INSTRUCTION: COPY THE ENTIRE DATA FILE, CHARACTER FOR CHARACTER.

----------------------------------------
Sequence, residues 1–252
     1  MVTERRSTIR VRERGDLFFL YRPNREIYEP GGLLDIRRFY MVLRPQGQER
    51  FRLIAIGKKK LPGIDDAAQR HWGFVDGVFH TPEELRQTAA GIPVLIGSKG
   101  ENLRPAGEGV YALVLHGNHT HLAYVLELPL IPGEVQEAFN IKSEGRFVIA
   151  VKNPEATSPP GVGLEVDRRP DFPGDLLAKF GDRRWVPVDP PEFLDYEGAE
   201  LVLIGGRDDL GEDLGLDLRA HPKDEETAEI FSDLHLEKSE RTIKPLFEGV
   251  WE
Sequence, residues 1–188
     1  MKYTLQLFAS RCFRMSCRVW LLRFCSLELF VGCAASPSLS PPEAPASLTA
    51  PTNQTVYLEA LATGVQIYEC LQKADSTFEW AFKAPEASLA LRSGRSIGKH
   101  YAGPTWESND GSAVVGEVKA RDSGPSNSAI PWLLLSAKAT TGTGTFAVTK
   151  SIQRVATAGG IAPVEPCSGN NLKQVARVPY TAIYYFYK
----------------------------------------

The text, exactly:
Sequence, residues 1–252
     1  MVTERRSTIR VRERGDLFFL YRPNREIYEP GGLLDIRRFY MVLRPQGQER
    51  FRLIAIGKKK LPGIDDAAQR HWGFVDGVFH TPEELRQTAA GIPVLIGSKG
   101  ENLRPAGEGV YALVLHGNHT HLAYVLELPL IPGEVQEAFN IKSEGRFVIA
   151  VKNPEATSPP GVGLEVDRRP DFPGDLLAKF GDRRWVPVDP PEFLDYEGAE
   201  LVLIGGRDDL GEDLGLDLRA HPKDEETAEI FSDLHLEKSE RTIKPLFEGV
   251  WE
Sequence, residues 1–188
     1  MKYTLQLFAS RCFRMSCRVW LLRFCSLELF VGCAASPSLS PPEAPASLTA
    51  PTNQTVYLEA LATGVQIYEC LQKADSTFEW AFKAPEASLA LRSGRSIGKH
   101  YAGPTWESND GSAVVGEVKA RDSGPSNSAI PWLLLSAKAT TGTGTFAVTK
   151  SIQRVATAGG IAPVEPCSGN NLKQVARVPY TAIYYFYK